Rhythm Of Love: In Conversation With Atso Chasie - Eastern Mirror
Wednesday, April 24, 2024
Music, Rhythm of Love

Rhythm of Love: In conversation with Atso Chasie

By Henlly Phom Odyuo Updated: Dec 02, 2021 8:42 am
Atso Chasie
Atso Chasie

Ingenious Atso Chasie is the inventor of the Gei-ü, a creative three-stringed instrument. He stresses on the importance of preserving Naga musical heritage and how his instrument can help make that dream a reality.

Chasie was a finalist at the Social Innovation Lab, Pune Centre on Innovations 2020.

In today’s Rhythm of Love Chasie takes us through his musical journey and his conceptualisation of the Gei-ü.

EASTERN MIRROR: Growing up, was music always a big part of your life? Talk us through your musical journey.

ATSO CHASIE: I have been in music professionally for 15 years now. It is my passion that I chose music. Listening to music has always been part of my schedule (I spend time listening and practicing) when tape-player and radio were a source of childhood joy then. I always find joy and was better in expressing myself performing then. Took my first formal music classes from Tamarez Lotha, where I remember saving coins to pay the fees. And I had the opportunity to attend a short music course at Patkai Christian College-which entirely broadened my scope and horizon. Under the guidance of Nibanuo Swuro and Christine Iralu, I went on to appear the Trinity Guildhall graded exams in Shillong (graded exams were not conducted in Nagaland then) and completed A.T.C.L in classical guitar by 2009 and acquiring B.Mus. Ed by 2014, which eventually supported a research fellowship under Ministry of Culture on Naga Music and Dances.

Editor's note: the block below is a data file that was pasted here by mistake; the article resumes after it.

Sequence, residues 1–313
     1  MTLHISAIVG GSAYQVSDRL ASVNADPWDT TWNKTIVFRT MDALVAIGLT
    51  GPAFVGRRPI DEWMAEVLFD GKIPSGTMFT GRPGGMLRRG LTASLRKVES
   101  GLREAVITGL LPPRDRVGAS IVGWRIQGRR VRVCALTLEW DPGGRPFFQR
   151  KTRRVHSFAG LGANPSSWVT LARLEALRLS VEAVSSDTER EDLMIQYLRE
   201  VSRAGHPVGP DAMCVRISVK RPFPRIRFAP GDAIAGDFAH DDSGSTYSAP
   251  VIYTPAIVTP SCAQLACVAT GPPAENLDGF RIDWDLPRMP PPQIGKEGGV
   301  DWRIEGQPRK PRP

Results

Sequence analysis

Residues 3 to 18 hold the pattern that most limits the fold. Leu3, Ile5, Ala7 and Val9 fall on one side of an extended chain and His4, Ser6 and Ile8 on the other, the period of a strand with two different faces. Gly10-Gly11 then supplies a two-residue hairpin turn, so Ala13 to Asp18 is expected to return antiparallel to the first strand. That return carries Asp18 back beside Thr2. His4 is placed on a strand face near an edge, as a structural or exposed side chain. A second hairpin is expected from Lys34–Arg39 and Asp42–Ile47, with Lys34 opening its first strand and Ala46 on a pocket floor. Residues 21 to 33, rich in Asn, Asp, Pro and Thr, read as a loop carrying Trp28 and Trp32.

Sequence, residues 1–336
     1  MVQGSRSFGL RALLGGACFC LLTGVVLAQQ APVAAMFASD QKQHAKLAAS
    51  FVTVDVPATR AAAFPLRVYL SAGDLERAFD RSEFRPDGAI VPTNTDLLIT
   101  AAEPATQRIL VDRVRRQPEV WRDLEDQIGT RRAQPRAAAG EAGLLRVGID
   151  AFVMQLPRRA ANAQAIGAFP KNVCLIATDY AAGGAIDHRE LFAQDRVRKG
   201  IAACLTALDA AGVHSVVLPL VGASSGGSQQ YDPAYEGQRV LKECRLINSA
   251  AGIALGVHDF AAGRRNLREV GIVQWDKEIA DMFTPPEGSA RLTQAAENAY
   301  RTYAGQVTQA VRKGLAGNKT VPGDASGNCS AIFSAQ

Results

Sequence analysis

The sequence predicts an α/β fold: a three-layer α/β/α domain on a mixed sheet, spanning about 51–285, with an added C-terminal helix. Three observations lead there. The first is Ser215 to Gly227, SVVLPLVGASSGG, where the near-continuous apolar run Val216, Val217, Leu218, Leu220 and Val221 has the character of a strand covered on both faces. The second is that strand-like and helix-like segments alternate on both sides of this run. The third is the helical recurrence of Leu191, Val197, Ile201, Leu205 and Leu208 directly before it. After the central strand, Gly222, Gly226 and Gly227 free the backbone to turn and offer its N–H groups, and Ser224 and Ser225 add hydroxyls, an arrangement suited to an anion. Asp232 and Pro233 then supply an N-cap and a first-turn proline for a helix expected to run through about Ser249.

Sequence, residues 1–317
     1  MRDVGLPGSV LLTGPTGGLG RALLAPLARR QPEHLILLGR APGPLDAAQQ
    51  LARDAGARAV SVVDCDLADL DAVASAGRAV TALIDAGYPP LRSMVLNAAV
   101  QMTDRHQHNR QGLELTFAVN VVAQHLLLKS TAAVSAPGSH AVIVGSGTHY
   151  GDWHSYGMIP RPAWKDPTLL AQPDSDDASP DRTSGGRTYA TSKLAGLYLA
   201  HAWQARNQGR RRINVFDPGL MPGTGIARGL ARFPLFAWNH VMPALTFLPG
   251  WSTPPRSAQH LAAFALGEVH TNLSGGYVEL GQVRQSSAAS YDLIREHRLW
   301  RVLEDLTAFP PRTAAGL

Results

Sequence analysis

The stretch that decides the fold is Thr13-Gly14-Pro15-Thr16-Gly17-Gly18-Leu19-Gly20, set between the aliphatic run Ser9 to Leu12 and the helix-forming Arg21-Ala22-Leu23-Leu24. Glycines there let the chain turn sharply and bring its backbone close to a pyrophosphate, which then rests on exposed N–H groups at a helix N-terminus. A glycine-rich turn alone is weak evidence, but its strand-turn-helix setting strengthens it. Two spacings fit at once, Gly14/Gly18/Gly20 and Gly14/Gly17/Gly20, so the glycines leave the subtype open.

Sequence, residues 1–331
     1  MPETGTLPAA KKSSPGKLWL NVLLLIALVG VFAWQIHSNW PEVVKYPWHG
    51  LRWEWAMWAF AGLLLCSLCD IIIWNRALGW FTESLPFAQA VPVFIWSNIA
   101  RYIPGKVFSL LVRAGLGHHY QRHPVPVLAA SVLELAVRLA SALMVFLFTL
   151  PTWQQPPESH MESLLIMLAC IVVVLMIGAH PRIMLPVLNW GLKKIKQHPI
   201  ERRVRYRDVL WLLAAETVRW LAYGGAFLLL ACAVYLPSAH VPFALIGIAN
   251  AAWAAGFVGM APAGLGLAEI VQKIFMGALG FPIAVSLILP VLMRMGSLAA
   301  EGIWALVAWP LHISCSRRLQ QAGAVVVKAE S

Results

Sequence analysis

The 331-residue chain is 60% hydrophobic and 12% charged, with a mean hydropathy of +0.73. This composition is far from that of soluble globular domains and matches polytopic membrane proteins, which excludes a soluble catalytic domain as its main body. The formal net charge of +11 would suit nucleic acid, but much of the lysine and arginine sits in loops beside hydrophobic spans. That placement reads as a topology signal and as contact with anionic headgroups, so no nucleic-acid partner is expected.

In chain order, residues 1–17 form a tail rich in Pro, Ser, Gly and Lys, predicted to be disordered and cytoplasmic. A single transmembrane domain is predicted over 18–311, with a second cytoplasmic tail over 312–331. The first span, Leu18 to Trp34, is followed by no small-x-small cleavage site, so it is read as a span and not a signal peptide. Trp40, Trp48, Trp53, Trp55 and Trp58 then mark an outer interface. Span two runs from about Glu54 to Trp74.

EASTERN MIRROR: How do you think 2020-21 has been treating you and your music career?

Well 2020 has been a virtual recluse –it has also given me time to re think Art in a different perspective. And I am also trying my hand in music composing – I was fortunate enough to compose a theme song ‘Ode to my Motherland’ under TaFMA- which was debuted at the 75th Independence Day 2021. An instrumental piece called ‘Hoperathi’ (a mountain at Khonoma Village) has also cleared the first round of audition under Symphony Orchestra of India (SOI).